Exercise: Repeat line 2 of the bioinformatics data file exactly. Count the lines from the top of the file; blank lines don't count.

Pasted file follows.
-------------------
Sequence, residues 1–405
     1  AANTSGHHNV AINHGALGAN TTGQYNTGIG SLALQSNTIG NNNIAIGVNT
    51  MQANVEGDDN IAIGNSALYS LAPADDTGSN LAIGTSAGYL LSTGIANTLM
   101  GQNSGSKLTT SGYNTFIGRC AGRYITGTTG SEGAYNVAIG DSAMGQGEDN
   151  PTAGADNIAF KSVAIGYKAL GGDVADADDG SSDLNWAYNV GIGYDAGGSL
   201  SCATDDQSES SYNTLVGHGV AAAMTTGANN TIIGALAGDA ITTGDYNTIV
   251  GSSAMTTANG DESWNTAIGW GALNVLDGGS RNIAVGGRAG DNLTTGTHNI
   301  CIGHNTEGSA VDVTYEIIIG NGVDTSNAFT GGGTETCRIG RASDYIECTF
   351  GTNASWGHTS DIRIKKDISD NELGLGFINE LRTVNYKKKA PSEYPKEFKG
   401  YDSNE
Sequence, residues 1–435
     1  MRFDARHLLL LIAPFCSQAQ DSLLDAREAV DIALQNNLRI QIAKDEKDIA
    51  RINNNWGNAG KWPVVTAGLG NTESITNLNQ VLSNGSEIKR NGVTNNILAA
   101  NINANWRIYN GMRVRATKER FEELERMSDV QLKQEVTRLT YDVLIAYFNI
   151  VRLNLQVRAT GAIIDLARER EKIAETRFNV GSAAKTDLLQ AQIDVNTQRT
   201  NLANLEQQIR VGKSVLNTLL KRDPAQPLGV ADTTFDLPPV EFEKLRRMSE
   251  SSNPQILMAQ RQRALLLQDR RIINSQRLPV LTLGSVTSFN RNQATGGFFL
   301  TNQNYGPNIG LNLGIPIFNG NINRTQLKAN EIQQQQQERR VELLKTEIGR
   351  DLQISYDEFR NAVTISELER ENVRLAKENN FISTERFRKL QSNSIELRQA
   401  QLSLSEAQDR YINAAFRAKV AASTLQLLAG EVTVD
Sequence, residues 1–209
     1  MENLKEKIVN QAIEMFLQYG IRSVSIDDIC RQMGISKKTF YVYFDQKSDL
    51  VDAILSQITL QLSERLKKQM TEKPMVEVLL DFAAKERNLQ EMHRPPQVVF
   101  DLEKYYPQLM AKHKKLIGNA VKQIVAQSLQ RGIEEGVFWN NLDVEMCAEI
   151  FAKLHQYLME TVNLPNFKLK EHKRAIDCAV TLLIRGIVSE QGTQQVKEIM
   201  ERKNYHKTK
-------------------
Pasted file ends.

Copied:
     1  AANTSGHHNV AINHGALGAN TTGQYNTGIG SLALQSNTIG NNNIAIGVNT